Clark died at the age of 104 in May, leaving Peri, a private nurse from Brooklyn, a rich woman -- $34 million to be exact, in addition to a valuable doll collection.
Legal papers filed in Manhattan's Surrogate's Court this week showed Clark's fortune to be $400 million, $14 million of which went to a god-daughter, but none to distant relatives. In her will. The heiress cited her longtime nurse as a "loyal friend and companion."
An inheritance like this can be the kiss of death -- or not -- for those who have always lived humble lives, say psychologists.
Those who have been able to anticipate eventual wealth or those like Peri, who have been devoted caretakers, may fare best.
"This may or may not be good," said Daniel Kegan, a Chicago psychologist and director of Elan Associates. "Obtaining a windfall acts as an amplifier of how you are living. If you are grounded, it can make things better for you. And if you're not, it can make it much worse."
"Celebrities give us good examples," he said. "If you've got a lot of money and are spending a lot of money, you frequent places that have more risk. And the more people want you to do bad things [with it]."
Lottery winners prove that money can often be more of a curse than blessing.
"Someone with a tendency for bad habits may indulge in those on a much larger scale," said Kegan.
William "Bud" Post won $16.2 million in the Pennsylvania lottery in 1988. He was tormented by relatives and an ex-girlfriend for money and now lives on a $450-a-month Social Security check.
Another, $314.9 million Powerball winner Jack Whittaker, was sued by an Atlantic City casino in 2004 for writing bad checks.
Evelyn Adams, who won the $5.4 million in two New Jersey lotteries in 1985 and 1986, lost most of her fortune gambling.
Billie Bob Harrell Jr., who won $37 million in Texas, killed himself in 1997 when his marriage fell apart.
The problem with lottery winners is that they don't have a realistic "plan" for their new wealth, according to Steven Danish, director of the Life Skills Center and professor of psychology at Virginia Commonwealth University in Richmond.
"They don't expect to win," he said. "They hope and pray, but they don't have any plans. They just want to be rich...Then all of a sudden everyone is your relative. You don't know you have so many relatives."
Such may be the case with Peri, he said. But she was rewarded for faithful service to Clark, and there are other examples of those whose inheritances could positively change their lives.
In 2010, Nepalese IIndra Tamang inherited some of the most valuable real estate in New York City where he had been a cook and butler to the late actress Ruth Ford and her husband Zachary Scott.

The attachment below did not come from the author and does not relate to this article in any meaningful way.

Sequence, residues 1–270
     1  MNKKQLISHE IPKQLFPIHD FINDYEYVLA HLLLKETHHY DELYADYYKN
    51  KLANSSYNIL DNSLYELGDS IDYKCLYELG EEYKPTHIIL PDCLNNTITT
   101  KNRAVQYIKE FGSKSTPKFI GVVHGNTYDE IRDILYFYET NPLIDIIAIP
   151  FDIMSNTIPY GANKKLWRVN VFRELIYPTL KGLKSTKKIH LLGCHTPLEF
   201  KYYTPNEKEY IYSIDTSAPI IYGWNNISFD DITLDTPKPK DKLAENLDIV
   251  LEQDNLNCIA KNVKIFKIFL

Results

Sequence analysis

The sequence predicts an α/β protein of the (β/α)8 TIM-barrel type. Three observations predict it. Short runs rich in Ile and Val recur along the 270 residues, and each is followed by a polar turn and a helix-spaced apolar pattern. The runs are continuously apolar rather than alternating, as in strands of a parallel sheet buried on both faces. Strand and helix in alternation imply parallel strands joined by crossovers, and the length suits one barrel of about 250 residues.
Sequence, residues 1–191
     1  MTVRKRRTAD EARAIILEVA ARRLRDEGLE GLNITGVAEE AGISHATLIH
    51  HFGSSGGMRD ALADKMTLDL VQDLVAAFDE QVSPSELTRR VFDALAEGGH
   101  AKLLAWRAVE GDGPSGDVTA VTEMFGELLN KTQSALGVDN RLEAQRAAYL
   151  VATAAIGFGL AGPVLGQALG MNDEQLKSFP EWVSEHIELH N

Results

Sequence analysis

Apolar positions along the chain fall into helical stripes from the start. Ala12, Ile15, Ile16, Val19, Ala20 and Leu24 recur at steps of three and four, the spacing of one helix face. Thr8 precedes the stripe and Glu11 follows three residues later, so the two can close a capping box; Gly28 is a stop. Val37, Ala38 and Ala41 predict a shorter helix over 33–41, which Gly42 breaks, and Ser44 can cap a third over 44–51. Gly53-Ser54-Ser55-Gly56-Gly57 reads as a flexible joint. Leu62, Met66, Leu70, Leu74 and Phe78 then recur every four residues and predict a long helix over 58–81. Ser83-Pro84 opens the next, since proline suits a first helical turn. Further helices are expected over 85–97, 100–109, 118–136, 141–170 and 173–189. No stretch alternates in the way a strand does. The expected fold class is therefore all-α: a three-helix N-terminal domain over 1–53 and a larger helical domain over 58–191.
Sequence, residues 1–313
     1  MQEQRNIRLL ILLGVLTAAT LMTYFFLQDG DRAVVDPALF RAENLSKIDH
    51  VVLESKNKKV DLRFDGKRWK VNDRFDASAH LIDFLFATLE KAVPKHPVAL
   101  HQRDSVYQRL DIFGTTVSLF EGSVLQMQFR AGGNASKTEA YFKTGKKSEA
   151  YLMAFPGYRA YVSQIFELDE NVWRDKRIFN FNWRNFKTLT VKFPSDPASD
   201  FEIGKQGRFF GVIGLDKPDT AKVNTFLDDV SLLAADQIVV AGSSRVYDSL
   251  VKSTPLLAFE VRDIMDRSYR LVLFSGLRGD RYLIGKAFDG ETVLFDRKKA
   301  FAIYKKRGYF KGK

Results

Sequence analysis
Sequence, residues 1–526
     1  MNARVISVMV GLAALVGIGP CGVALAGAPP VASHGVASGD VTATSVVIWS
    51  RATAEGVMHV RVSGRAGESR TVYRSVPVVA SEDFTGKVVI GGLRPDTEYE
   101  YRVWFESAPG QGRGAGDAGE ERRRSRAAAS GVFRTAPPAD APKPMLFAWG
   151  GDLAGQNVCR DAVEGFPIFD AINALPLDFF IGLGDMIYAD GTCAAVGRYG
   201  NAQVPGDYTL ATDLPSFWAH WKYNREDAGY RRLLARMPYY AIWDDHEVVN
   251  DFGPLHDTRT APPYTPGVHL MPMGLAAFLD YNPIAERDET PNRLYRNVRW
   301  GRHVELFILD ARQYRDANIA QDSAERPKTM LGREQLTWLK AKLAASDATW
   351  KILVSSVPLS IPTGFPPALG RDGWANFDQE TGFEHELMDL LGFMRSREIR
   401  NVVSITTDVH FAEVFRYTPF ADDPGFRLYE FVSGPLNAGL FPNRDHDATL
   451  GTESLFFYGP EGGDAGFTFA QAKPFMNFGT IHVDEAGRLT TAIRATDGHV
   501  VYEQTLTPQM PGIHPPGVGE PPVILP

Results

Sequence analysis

Now, he owns two multi-million-dollar apartments at the famed Dakota building, where John and Yoko Lennon lived when the former Beatle was murdered in 1980.
Tamang's former employer of 36 years also remembered him with an $8.5 million Russian art collection. Ford ignored her two grandchildren and daughter Shelley Scott, who later challenged the will and got a small settlement.
Tamang, 58, planned to keep living in his modest Queens apartment, despite the inheritance. "I am satisfied living where I am," he told the Wall Street Journal.
Another, Max Melitzer of Sandy, Utah, had been homeless for decades before his cousin, Morris Melitzer of Schenectady, N.Y., died of prostate cancer in 2010.
The cousins had been estranged for 30 years. Lawyers set out to find Melitzer, to let him know he had inherited $100,000. A private detective eventually found him living out of a shopping cart.
Later, it was revealed that Max Melitzer had been the driver in a car accident that took the life of his wife and two friends in Wyoming in 1990. The tragedy left the man with emotional issues.
Despite that, Melitzer had been charitable with a local non-profit, trying to donate bread. The newfound money allowed Melitzer to return to New York and reunite with family.
Such good fortune may be the case with Huguette Clark's nurse Peri, who has, so far, shown a philanthropic spirit.
The nurse said she was "profoundly sad" about Clark's death and was "awed" by her boss's generosity, pledging to use her inheritance for good.
"Just as Madame Clark demonstrated kindness toward others in her actions," she told the New York Post, "so, too, will I and my family devote a substantial portion of this bequest toward making the world a better place for all people."
Psychologist Danish concluded that those like Tamang, nurse Peri and even Melitzer, may prove to be different from ill-fated lottery winners.
"They are people who have served another person and have been seemingly more willing to help than to take," he said. "If they are giving back before they get the money, it will likely continue. It can be very positive."
"So they really are continuing to serve," he said. "But with a lot more resources."